The teams are playing 5 on 5, Malkin has the puck and is skating it towards the Penguins' blue line with Moen and Cammalleri in pursuit. Just as it appears he is going to dish off to Gonchar, Malkin makes a wide sweep around Cammalleri, who communicates to Gill to pursue. Gill cuts Malkin's lane, so the Pittsburgh sniper riffles a wrister at the net that Halak stops. From a scrum of four in front of the net, Plekanec remains at the crease and Gill is left to pursue Letestu, who has easily gained the puck. Gill follows him behind the net to the opposite site, and Letestu slips a pass to Rupp, who has moved slightly behind the goal line to assist him. Four Canadiens players are now in the vicinity of the goal, with only Cammalleri to work the point. Gill bodies Rupp, as he feeds off to an open Letestu. Moen is too close to the goal to affect a pass from Letestu to Orpik at the blueline. Orpik easily accepts Letestu's pass, and immediately feeds a sweep over to Gonchar for a one-timer that beats a screened Halak.

What Pittsburgh did right:

The Penguins kept the puck away from Montreal, possessing it in every sense of the word. First Malkin skates it to safe place and shots. Letestu then pounces first on the rebound. Next, he does a short little give and go with Rupp when forced, and finally passing to the open Gonchar at the blue line.

What Montreal did wrong:

Cammalleri give up the pursuit of Malkin, offering him the first shot. Plekanec is stuck playing the defenseman's role the whole time while Gill chases around. Moen and Cammalleri never hinder the point options or block the shot. Simply perceived, the Canadiens removed the low options at the expense of the high and were burned. Moen and Plekanec would have been better served exchanging places.

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Goal 3 Cammalleri (9), Gionta (4), Plekanec (5)

On ice for Montreal: Cammalleri (13), Plekanec (14), Gionta (21), Bergeron (47), Subban (76), Gomez (91)

On ice for Pittsburgh: Staal (11), Cooke (24), Orpik (44) Gonchar (55),

Goal description:

There is less than a minute left in the game, and with Halak pulled Montreal are playing 6 on 4. The puck is shot behind the Penguins goal where Gonchar retrieves and fires in the direction it came. Gomez intercepts, looks around at his options, and passes to Plekanec behind the net. Quickly, Plekanec feeds to Gionta who one-times a shot at Fleury, Cammalleri takes a backhand jab at the rebound. As Orpik moves in to push Cammalleri, he accidently nudges the puck through Fleury's pads into the net.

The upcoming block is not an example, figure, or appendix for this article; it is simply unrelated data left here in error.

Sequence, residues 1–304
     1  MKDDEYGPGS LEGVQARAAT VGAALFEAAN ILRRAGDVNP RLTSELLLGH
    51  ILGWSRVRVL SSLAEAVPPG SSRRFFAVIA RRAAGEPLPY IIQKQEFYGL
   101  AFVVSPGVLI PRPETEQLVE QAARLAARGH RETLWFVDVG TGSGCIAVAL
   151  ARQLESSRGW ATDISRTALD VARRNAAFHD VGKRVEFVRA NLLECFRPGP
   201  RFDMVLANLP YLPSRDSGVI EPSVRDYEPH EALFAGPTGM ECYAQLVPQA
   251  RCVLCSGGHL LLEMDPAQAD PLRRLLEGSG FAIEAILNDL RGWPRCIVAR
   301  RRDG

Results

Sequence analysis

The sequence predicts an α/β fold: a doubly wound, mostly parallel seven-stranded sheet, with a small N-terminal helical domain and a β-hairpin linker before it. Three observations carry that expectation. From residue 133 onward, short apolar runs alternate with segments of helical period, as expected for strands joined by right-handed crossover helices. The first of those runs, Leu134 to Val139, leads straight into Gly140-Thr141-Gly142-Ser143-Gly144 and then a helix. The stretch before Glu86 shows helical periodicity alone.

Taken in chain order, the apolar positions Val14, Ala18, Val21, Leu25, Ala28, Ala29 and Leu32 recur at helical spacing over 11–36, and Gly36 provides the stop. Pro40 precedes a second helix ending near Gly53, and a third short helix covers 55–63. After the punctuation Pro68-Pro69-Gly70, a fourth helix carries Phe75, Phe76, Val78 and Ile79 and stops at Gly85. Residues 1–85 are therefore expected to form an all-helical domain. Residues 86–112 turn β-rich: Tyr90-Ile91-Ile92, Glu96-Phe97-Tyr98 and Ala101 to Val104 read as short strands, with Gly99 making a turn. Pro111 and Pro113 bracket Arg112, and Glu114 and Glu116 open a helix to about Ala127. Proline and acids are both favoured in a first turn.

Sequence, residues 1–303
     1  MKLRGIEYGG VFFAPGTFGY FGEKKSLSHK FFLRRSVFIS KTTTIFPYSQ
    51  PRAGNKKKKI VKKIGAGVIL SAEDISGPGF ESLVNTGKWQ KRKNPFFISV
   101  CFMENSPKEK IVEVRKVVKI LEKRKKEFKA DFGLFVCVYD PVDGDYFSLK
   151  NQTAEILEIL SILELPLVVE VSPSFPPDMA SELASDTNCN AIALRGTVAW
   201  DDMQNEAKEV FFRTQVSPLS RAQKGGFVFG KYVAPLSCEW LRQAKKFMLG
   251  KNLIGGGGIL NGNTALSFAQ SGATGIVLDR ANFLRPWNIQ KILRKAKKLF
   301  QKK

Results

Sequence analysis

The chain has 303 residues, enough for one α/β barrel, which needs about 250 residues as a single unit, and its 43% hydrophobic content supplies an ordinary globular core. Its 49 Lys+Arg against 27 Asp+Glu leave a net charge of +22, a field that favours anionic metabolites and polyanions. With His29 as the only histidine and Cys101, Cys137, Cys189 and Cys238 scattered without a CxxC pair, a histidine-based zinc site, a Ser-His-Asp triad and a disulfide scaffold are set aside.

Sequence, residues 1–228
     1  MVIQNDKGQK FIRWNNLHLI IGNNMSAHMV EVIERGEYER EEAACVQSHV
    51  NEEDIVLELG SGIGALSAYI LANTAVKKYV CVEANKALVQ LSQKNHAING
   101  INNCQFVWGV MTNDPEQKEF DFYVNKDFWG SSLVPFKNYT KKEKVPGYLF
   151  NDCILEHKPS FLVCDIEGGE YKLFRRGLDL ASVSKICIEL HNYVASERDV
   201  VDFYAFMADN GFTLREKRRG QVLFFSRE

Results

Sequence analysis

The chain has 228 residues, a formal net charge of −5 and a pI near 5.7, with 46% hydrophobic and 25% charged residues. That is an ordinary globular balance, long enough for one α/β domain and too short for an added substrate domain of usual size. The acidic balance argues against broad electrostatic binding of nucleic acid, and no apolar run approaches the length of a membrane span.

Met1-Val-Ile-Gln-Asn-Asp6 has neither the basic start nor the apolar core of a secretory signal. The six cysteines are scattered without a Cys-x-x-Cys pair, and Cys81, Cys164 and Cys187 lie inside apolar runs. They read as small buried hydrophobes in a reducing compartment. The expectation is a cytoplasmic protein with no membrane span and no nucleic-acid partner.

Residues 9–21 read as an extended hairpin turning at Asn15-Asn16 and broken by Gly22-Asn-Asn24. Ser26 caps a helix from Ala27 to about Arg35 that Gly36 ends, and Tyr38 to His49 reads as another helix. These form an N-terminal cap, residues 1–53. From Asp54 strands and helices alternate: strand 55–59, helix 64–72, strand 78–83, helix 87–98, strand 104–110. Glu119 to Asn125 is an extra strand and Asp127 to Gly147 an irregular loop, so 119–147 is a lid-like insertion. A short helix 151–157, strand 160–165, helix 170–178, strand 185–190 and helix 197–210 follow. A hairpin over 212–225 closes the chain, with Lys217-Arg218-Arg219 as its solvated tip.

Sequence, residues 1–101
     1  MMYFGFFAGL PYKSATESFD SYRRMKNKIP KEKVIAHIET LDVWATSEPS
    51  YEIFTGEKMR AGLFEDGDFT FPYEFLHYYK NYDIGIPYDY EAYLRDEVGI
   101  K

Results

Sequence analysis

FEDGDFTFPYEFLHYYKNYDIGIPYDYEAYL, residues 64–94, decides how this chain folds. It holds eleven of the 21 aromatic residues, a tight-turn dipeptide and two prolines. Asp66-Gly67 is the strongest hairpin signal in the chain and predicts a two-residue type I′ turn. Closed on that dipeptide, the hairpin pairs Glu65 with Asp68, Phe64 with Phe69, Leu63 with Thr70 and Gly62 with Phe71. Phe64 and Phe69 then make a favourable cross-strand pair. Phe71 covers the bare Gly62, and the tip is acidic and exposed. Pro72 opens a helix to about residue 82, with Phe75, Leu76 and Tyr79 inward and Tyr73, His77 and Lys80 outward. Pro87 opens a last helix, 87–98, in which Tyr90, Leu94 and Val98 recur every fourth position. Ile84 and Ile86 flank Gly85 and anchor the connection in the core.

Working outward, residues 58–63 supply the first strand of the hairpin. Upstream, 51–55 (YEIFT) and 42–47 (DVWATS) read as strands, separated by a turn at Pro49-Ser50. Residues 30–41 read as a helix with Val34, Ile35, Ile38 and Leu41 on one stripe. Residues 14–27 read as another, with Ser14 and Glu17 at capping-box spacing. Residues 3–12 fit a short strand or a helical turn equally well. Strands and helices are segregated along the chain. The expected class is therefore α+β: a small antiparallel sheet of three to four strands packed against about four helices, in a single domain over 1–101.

What Montreal did right:

Gomez kept the puck in on the clear and chose the surest and safest pass option to Plekanec. The passes from Gomez to Plekanec to Gionta were tic-tac-toe. Gionta and Cammalleri were double team in the slot.

What Pittsburgh did wrong:

Gonchar was not poised and never even bothered to check for safer pass outlets. All four Penguins players were concentrated into a small box around the goal, yet never inhibited Plekanec's pass, Gionta's shot, or Cammalleri ability to get at the rebound.

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Final Analysis

The Montreal forwards seemed to tire as this game worn on, hence the missing extra steps that would see them crash Fleury's crease with exhuberance. On this night, Fleury once again stopped everything he could see, which did not include a rebound off a defenseman for the second time in two games.

The Penguins, especially on the power play, have found a method, that with doses of great patience, enables them to have better chances and clearer looks at Halak. Montreal's dedication and commitment to having bodies around their net has allowed Piitsburgh to run a counter play.

After five games in the series, the Penguins have outscored Montreal 11-10 not counting empty net goals (2). Of the 11 Pittsburgh goals, five have come from the blueline.

In the past four games, the Canadiens have held Piitsburgh to two goals or less, yet they trail 3-2 in the series.